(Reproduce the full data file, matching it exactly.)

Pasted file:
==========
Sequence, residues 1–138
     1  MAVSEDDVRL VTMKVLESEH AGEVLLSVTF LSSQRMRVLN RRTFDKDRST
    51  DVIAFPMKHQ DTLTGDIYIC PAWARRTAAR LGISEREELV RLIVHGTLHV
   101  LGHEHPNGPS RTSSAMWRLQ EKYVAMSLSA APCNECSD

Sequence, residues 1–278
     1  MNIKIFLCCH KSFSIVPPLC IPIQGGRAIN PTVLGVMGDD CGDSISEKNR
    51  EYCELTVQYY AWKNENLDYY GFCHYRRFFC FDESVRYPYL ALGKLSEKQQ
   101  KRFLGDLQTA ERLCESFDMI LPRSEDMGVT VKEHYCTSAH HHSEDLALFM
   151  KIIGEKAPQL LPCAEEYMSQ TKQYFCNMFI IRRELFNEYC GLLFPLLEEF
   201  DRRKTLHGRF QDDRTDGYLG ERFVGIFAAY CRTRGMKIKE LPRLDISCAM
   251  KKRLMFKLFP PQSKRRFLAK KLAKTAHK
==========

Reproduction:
Sequence, residues 1–138
     1  MAVSEDDVRL VTMKVLESEH AGEVLLSVTF LSSQRMRVLN RRTFDKDRST
    51  DVIAFPMKHQ DTLTGDIYIC PAWARRTAAR LGISEREELV RLIVHGTLHV
   101  LGHEHPNGPS RTSSAMWRLQ EKYVAMSLSA APCNECSD

Sequence, residues 1–278
     1  MNIKIFLCCH KSFSIVPPLC IPIQGGRAIN PTVLGVMGDD CGDSISEKNR
    51  EYCELTVQYY AWKNENLDYY GFCHYRRFFC FDESVRYPYL ALGKLSEKQQ
   101  KRFLGDLQTA ERLCESFDMI LPRSEDMGVT VKEHYCTSAH HHSEDLALFM
   151  KIIGEKAPQL LPCAEEYMSQ TKQYFCNMFI IRRELFNEYC GLLFPLLEEF
   201  DRRKTLHGRF QDDRTDGYLG ERFVGIFAAY CRTRGMKIKE LPRLDISCAM
   251  KKRLMFKLFP PQSKRRFLAK KLAKTAHK